Across the Causeway, the musician and film composer Zubir Said has re-emerged as a symbol of Singapore’s multicultural diversity. He is also mobilised by the Malay-minority community to assert the importance of Malay contributions to the Chinese-dominated island state. While this book is heavily weighted on the works and impact of P. Ramlee, Zubir Said offers an important counter-narrative to the development of Malay ethnonationalism in the Malay Peninsula. The recent re-emergence of Zubir Said as a Singaporean arts icon provides a mirror to the ubiquitous impact of P. Ramlee in Malaysia. Zubir Said was P. Ramlee’s predecessor in the Singaporean music and film industry, and was also a vocal exponent of Malay nationalism in the arts prior to Singapore’s expulsion from the Federation of Malaysia in 1965. He also retained his Indonesian citizenship until officially becoming Singaporean in the 19703.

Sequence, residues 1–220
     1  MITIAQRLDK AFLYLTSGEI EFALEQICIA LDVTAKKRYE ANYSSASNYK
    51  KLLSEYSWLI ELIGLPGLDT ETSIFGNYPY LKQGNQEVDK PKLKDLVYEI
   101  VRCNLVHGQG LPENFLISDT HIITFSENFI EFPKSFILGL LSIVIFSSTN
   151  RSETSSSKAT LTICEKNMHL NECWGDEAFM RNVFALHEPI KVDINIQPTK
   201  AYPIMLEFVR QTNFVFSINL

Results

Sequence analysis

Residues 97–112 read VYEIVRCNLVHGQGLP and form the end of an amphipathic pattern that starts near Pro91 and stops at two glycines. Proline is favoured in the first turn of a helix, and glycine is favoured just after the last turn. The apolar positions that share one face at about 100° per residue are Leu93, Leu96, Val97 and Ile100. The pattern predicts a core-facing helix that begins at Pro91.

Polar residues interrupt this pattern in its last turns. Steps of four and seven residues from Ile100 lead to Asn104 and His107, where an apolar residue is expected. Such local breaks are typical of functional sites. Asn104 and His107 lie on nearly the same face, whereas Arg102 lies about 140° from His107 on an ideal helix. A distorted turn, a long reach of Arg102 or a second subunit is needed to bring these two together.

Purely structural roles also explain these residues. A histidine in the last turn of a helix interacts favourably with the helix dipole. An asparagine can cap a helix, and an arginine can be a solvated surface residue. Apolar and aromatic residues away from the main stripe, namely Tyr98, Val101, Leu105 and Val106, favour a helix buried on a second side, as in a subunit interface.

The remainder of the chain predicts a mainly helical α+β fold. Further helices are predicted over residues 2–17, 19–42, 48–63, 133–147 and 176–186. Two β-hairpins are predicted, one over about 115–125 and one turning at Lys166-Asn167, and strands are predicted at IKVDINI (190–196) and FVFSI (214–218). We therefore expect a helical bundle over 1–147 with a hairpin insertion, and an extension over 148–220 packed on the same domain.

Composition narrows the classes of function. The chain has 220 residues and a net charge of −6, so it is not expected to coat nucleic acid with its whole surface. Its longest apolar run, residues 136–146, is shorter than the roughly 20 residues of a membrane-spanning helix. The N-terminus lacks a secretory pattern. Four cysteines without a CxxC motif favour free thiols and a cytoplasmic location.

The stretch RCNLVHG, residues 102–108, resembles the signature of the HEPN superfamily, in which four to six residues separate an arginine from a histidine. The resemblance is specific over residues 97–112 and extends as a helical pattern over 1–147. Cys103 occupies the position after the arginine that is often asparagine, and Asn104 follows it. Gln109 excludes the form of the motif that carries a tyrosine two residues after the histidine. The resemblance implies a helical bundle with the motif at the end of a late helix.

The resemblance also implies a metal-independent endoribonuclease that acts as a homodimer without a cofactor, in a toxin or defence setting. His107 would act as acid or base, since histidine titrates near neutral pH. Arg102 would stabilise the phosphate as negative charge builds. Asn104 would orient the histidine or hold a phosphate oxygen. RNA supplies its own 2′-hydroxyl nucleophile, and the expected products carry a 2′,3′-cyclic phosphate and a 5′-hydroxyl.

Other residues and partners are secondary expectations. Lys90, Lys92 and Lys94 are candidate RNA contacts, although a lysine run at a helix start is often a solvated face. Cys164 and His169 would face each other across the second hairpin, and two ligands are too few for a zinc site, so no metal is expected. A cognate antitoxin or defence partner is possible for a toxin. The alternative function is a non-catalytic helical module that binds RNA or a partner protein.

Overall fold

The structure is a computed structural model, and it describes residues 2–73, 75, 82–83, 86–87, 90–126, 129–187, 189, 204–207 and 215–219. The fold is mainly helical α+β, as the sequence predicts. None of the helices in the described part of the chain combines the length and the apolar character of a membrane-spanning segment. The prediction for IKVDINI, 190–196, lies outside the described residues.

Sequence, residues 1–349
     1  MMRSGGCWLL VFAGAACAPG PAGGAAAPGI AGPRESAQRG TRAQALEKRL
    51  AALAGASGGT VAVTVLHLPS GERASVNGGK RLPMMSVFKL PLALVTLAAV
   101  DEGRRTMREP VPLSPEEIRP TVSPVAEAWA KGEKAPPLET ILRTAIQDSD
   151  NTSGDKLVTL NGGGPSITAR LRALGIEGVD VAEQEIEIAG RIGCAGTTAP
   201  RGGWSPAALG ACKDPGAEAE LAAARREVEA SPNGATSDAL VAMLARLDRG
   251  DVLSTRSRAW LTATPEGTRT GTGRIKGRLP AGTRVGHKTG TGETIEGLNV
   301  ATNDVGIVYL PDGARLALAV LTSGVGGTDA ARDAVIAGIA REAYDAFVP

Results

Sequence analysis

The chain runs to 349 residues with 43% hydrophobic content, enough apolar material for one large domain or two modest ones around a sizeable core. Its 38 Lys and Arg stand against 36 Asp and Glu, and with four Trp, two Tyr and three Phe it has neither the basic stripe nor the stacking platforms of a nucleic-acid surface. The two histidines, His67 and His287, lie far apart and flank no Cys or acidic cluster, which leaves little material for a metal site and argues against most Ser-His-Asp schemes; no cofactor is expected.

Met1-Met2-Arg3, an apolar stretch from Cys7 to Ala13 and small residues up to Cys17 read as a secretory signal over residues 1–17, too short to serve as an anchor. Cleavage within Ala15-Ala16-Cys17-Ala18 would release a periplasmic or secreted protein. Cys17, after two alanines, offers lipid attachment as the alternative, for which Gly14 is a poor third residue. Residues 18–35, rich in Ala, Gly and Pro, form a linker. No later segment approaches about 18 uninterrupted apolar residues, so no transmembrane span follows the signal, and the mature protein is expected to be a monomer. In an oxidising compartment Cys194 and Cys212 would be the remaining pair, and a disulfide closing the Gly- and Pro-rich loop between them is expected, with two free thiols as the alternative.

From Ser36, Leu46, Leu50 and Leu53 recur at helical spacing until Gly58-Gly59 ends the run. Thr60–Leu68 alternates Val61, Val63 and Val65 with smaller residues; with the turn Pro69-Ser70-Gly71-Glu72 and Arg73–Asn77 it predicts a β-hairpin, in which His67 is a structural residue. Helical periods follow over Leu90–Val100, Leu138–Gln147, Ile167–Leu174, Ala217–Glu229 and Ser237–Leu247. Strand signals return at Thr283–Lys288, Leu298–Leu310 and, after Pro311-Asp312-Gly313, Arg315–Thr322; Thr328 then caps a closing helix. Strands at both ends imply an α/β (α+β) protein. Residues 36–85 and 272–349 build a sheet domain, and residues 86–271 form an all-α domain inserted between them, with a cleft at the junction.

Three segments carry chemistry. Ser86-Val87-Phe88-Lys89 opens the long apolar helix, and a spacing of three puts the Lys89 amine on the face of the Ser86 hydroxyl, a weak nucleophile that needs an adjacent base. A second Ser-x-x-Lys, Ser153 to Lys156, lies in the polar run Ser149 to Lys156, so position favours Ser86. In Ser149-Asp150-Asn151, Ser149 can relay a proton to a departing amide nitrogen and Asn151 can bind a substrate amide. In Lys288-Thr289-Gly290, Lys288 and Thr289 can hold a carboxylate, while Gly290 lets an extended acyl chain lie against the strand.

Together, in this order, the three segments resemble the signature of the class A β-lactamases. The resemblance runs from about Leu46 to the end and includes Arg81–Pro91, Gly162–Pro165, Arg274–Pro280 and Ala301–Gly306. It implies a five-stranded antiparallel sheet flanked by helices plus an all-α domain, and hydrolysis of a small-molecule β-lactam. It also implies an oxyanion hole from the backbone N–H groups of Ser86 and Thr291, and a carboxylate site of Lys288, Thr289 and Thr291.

P. Ramlee, by contrast, while producing most of his best films in Singapore, was quick to leave the island for Kuala Lumpur in 1964. In Malaysia, P. Ramlee would experience a rapid decline in popularity and considerable obstacles to producing films right up to his death in 1973. Zubir Said, while residing in comparative obscurity in Singapore, lived a stable life until his death. Being the composer of Singapore’s national anthem was a highlight among his numerous artistic contributions that immortalised him as one of very few ethnic Malay Singaporean national icons. In 2012. while the author was conducting field research for Cosmopolitan Intimacies: Malay Film Music of the Independence Era, the memorialising of Zubir Said’s contributions appeared in a detailed biography written by his daughter Rohana Zubir, a film festival showcasing his music held at the National Museum of Singapore and a tribute concert held at the Esplanade concert hall.